In short, this record is really, really well-crafted.  The word ‘texture’ gets thrown around a lot in music (a friend of mine once cynically stated that people described music as ‘textured’ when they had no real opinions and were trying to sound verbose and intelligent), but it should really be reserved for albums like this one.  You really can feel all the sounds on Reassemblage, and there are a lot of them.  Synth notes, often disguised as marimbas, flutes and traditional Asian string instruments like the koto, trickle like pebbles through your hands and flutter like sticks and reads whipping your legs.  This record sounds incredibly organic.  One image that comes to mind is the surface of a pond, which, as one zooms in closer and closer, reveals itself to be teeming with life in every corner.  Another image is of a time lapse of organic life putting itself together, one step at a time, like in this video.  Both the album’s title and artwork are able descriptors.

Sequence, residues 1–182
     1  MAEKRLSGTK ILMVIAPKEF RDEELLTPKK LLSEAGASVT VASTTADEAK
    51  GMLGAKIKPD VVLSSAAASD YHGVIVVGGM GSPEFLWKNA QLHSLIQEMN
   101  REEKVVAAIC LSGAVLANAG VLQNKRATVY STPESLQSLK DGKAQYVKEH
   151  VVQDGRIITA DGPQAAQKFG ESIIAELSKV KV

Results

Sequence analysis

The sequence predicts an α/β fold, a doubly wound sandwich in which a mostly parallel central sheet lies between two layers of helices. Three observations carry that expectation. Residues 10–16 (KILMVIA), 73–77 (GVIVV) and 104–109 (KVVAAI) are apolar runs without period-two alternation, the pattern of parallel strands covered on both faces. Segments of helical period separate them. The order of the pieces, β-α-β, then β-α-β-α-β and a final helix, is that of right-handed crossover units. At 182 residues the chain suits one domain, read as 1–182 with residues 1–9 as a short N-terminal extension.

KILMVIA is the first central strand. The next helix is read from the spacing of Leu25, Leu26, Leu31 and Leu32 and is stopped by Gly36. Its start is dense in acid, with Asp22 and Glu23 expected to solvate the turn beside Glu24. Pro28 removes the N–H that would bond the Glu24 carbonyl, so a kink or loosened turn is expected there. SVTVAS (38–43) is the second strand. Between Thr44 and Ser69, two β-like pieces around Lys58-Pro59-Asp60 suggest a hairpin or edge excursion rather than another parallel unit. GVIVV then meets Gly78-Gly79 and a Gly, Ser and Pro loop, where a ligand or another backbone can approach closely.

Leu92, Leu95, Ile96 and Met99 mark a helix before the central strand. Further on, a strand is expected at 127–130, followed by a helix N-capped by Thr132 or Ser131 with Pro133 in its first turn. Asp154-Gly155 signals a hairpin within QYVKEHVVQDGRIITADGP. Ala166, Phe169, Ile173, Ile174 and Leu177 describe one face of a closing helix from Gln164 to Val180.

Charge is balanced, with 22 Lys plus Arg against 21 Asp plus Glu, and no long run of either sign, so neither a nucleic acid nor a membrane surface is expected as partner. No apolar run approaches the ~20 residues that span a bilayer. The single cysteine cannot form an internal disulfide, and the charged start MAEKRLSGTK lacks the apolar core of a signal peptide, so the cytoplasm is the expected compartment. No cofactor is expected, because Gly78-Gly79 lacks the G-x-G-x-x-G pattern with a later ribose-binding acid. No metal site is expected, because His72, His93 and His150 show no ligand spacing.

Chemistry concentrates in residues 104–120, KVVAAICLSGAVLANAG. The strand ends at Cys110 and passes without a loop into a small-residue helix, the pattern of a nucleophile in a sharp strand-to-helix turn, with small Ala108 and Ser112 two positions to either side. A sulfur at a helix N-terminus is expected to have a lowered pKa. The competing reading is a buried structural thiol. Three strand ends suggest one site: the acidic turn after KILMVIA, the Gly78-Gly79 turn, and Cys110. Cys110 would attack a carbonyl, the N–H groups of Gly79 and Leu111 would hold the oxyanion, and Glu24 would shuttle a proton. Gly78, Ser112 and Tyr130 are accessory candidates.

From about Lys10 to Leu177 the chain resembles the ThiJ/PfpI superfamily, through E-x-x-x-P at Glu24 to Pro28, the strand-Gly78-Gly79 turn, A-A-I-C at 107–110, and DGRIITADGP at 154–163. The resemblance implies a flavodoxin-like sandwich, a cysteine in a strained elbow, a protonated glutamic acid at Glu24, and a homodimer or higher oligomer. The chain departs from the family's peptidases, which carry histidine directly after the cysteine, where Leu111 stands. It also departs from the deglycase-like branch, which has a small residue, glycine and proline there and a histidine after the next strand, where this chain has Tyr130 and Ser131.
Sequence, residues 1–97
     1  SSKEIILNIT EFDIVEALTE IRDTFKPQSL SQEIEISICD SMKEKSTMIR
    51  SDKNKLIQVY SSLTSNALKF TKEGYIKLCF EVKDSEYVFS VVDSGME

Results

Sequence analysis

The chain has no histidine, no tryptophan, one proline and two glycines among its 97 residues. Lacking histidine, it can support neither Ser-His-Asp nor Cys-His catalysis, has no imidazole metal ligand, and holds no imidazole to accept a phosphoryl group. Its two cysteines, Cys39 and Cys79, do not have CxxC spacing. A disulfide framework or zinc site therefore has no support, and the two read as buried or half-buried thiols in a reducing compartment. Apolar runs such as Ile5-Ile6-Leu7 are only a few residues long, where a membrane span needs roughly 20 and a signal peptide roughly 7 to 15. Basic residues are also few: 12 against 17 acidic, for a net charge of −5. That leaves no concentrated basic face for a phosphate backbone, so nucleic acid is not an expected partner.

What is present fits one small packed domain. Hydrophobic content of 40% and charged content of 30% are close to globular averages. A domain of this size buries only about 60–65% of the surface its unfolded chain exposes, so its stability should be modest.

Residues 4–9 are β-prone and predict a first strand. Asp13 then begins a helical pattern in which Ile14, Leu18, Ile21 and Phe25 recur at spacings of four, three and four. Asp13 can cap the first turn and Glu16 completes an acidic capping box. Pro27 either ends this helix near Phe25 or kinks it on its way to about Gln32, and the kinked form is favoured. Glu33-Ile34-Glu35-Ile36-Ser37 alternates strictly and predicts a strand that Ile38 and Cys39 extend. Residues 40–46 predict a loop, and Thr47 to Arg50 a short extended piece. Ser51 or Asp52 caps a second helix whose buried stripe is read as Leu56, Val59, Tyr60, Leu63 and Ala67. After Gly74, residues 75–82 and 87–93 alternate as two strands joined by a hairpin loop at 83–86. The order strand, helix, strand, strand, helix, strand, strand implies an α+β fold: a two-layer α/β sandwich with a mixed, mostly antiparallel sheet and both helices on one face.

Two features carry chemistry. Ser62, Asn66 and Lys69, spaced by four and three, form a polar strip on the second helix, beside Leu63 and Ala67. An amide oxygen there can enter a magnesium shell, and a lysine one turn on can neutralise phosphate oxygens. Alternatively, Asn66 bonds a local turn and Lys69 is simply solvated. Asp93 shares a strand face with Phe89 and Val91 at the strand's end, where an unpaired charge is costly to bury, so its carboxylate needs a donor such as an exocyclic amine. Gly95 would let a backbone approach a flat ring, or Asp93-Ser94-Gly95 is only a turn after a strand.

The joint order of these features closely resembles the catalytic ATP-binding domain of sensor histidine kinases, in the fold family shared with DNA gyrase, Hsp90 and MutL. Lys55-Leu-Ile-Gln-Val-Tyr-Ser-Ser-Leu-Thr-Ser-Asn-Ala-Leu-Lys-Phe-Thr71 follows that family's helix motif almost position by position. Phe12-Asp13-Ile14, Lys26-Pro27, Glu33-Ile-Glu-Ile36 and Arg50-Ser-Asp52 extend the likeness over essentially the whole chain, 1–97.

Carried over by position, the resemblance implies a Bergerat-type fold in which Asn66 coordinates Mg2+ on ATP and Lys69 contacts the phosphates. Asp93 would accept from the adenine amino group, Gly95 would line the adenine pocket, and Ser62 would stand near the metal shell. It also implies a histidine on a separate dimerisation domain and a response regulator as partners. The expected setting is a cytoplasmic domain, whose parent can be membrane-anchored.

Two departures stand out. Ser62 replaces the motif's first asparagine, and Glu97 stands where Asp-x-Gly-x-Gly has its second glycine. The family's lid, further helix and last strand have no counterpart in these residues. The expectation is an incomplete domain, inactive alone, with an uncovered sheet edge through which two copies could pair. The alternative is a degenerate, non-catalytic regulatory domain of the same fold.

Visible Cloaks makes excellent use of panning (placing specific sounds at various spatial locations along the left-right channels) all over the record, creating dense, colorful worlds in which a trickling chime pops up over here while a wet, splashing sound buzzes along over there.  The songs develop as a collection of disparate parts, like a series of different insect or plant species, humming along at their own unique cadence and frequency until the natural symphony reaches a breaking point, at which the songs dissipate into the sounds of shattering crystals.  Occasionally we hear voices, cloaked in chorus effects, hum and ‘oohh’ soothingly in the background.  A singular Japanese spoken word passage is presented within the empty spaces left by the gentle clanging of pipes on “Valve”. The record has a notably Japanese vibe to it, and my fiance twice asked me if I was listening to the sound track to Mushi-shi (a beautiful, calming anime that takes place in rural villages of 18th century Japan).